While laziness might plague some folks, the next one is going to resonate with many.“Anxiety in a man’s heart weighs it down.” Wow is there truth in that. One of the hardest things I do on a regular basis is care for people that don’t care. How can you minister to people that do not want to be ministered to? How can you shepherd people that don’t want a shepherd? How can you teach to people that do not want to be taught? How can you encourage people that want to remain discouraged? The short answer is you can’t. For me, the most difficult thing to determine is when to follow the words of Jesus, “Whoever does not receive you, nor heed your words, as you go out of that house or that city, shake the dust off your feet.” (Matt. 10:14) That doesn’t mean you pretend they’re dead, but you give them over to the Holy Spirit. Understand the ground with which you’re working. Notice Solomon is not declaring anxiety to be wrong, misguided or sinful. Anxiety is an emotion and as with other emotions, they are given by God. Solomon doesn’t leave you hanging, but gives you the cure. “A good word makes it glad.” You are often afforded the opportunity to employ this principle. Someone comes to you with something that is weighing that person down or you’re weighed down. Remember v. 18 says, “The tongue of the wise brings healing.” This healing is found in God and His Word. “When my anxious thoughts multiply within me, Your consolations delight my soul.” (Ps. 94:19) The reminders of Scripture about who God is provide the hope for us to trust in Him.

In Matt. 11:28-30, Jesus gave us this very powerful metaphor: “Come to Me, all who are weary and heavy-laden, and I will give you rest. Take My yoke upon you and learn from Me, for I am gentle and humble in heart, and you will find rest for your souls. For My yoke is easy and My burden is light.” This yoke gives us the picture of being physically connected to Christ. The metaphor stems from the practice of training young oxen to work the fields. A training yoke was placed on them and they worked alongside the older more experienced oxen. They were physically connected. Where the more experienced older ox went, so did the ox in training. Too often we try to plow the fields of life alone, but we were never ordained to be alone. We are never called upon to go it by ourselves. We are never faced with aloneness or isolation because Jesus is physically connected to us. The idea Jesus is presenting is that we learn from Him because we are tied to Him. We are connected to Him. He shares in our triumphs, our joys, and our celebrations, and He also shares in our pain, suffering, and trials. We sometimes forget that. In your darkest hour, He is the Light. In your moment of greatest need, He is there.

Good fences may make good neighbors, but in v. 26 Solomon gives us a better principle. “The righteous is a guide to his neighbor.” This is consistent with other verses. There is no stopping the righteous man because he is following Christ. The righteous are righteous because of Christ and that always comes out. It should be evident in our day to day lives and other people will recognize it in you. It’s awesome to be righteous because of the righteousness of Christ. It’s even more awesome when we use that righteousness as a tool to show other people Jesus. In direct opposition to the righteousness of Christ, “But the way of the wicked leads them astray.” The wicked continue doing wicked things. They are of no help to someone seeking truth, seeking righteousness, seeking the things in life Christ wants us to experience. “Lead them astray” literally means cause to wander. This is intentional. I’m not talking about someone who had pure motives, but ends up giving wrong or bad guidance. I’m certain I have done that. The wicked are intentional about their wickedness. They are on the path of destruction and will take anyone foolish enough to go with them. We combat this with the righteousness of Christ.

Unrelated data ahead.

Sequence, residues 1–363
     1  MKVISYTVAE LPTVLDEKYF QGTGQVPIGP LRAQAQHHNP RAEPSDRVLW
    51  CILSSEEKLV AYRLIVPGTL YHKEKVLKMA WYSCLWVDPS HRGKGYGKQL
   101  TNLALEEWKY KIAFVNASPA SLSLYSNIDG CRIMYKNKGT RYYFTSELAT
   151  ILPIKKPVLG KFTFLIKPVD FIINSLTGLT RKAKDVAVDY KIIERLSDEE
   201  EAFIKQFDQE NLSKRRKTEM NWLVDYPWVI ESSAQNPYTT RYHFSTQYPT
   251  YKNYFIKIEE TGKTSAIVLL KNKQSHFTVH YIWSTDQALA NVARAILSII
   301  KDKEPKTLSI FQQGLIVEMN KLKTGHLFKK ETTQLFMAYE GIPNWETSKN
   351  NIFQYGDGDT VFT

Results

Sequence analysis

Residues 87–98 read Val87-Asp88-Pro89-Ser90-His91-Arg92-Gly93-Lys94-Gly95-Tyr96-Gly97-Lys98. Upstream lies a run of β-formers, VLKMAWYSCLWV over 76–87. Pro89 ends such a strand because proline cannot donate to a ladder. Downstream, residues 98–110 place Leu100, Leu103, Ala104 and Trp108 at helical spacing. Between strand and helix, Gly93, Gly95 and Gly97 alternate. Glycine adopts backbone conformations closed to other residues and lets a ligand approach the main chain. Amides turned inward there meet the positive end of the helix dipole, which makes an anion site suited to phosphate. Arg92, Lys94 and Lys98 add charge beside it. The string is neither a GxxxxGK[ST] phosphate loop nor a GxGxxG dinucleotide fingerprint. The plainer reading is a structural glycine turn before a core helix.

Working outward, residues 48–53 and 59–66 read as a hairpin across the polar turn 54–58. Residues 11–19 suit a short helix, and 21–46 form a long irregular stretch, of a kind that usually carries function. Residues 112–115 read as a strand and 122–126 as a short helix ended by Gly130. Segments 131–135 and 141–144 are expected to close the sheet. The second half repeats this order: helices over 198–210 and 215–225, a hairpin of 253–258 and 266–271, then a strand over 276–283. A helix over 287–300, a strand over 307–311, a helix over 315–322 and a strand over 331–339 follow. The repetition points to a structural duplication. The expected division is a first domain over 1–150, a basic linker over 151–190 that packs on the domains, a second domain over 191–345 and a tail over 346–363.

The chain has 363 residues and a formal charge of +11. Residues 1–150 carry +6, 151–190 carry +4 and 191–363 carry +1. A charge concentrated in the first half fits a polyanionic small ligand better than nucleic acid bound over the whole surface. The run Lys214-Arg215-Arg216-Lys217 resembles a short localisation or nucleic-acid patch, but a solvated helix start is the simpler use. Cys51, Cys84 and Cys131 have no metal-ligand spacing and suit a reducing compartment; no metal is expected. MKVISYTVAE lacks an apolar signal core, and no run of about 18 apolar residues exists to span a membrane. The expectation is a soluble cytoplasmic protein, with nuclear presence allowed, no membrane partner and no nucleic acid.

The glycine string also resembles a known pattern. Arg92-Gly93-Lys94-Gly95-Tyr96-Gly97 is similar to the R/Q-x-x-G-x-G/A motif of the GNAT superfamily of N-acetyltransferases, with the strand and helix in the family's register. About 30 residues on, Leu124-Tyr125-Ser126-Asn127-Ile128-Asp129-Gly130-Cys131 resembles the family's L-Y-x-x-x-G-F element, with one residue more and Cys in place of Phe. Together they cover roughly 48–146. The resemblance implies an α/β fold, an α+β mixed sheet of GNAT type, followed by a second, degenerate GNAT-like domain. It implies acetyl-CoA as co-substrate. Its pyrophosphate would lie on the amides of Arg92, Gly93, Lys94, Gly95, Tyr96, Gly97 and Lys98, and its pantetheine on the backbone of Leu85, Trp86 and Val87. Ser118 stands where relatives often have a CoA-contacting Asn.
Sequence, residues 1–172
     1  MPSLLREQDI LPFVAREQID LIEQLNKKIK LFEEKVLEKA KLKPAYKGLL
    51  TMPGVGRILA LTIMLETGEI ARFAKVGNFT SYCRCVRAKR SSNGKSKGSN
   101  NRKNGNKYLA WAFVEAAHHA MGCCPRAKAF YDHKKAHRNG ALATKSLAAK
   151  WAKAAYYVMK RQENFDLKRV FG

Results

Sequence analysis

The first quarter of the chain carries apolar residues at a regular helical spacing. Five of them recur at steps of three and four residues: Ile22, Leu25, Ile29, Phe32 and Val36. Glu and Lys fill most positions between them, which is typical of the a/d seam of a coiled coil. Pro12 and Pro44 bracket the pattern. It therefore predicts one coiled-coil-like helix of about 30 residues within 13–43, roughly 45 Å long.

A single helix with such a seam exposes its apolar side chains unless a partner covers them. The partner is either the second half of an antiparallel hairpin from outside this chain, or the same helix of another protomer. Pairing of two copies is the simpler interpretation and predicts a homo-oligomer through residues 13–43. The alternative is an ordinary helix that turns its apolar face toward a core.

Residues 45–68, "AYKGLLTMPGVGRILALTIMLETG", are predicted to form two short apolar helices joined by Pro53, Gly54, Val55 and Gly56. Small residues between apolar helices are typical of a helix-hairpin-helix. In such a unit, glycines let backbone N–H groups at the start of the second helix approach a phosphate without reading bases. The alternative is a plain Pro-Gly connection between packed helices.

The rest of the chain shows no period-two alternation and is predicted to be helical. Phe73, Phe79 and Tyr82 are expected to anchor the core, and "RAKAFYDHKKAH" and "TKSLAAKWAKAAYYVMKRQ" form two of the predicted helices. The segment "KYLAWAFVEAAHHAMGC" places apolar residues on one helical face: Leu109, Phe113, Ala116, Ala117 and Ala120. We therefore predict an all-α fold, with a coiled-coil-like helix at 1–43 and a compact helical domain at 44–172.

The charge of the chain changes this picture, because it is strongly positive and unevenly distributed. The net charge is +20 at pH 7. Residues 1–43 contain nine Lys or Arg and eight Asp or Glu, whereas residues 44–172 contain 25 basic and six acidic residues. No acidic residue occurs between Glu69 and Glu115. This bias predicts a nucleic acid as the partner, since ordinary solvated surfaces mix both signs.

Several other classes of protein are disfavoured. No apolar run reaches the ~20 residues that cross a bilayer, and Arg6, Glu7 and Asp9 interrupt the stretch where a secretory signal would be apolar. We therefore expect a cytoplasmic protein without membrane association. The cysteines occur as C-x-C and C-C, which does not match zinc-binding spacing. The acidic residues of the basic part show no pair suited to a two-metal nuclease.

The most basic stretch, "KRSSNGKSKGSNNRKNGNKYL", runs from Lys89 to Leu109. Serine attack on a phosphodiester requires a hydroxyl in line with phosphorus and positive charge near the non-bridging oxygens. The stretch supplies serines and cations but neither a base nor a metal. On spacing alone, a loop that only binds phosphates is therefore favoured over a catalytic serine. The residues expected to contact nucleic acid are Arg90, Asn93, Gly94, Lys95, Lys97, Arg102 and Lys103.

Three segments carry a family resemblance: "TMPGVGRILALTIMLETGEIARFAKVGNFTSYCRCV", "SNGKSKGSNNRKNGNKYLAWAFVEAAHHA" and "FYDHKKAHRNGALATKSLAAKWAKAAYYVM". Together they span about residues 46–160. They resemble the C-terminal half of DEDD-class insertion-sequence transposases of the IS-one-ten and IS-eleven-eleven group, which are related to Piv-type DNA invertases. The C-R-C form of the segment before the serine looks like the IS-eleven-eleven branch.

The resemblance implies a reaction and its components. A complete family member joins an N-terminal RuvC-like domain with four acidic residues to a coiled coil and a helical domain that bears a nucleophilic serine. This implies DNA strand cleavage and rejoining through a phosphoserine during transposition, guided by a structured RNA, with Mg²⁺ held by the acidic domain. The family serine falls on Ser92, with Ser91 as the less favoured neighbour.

Another character trait Solomon seems to hammer is that of laziness. “A lazy man does not roast his prey.” The exact meaning of roast is difficult to determine, but the principle seems clear. This guy is so lazy that if he does hunt, he doesn’t want to take the time to cook what he caught. “But the precious possession of a man is diligence.” I find it interesting that people place so much value on things that really don’t matter. To Solomon, this character trait matters. Of diligence, he says it’s precious – it is something of great value. Diligence is careful and persistent work or effort. It’s used numerous times in Scripture and we’ve seen it several times in Proverbs. Isaiah cried out, “At night my soul longs for You, indeed, my spirit within me seeks You diligently.” (Is. 26:9) Paul said, “Be diligent to present yourself approved to God as a workman who does not need to be ashamed, accurately handling the word of truth.” (2 Tim. 2:15) This is a work ethic. It is a way of life. I’ve often heard people say very positively about others, “He’s a hard worker.” It’s a complement. Who wants to be characterized as lazy? Laziness is still generally considered an unacceptable character trait.

Solomon brings it home by saying, “In the way of righteousness is life, and in its pathway there is no death.” We look forward to many things in this life: births, marriages, graduations, anniversaries, retirement, Christmas. As Christians, we look forward to eternity. There is no real death because the end of our physical life allows us to pass through the gates of eternity to enjoy face time with God and His only Son. That’s the path of righteousness. That’s the way of righteousness. It is the way of Jesus.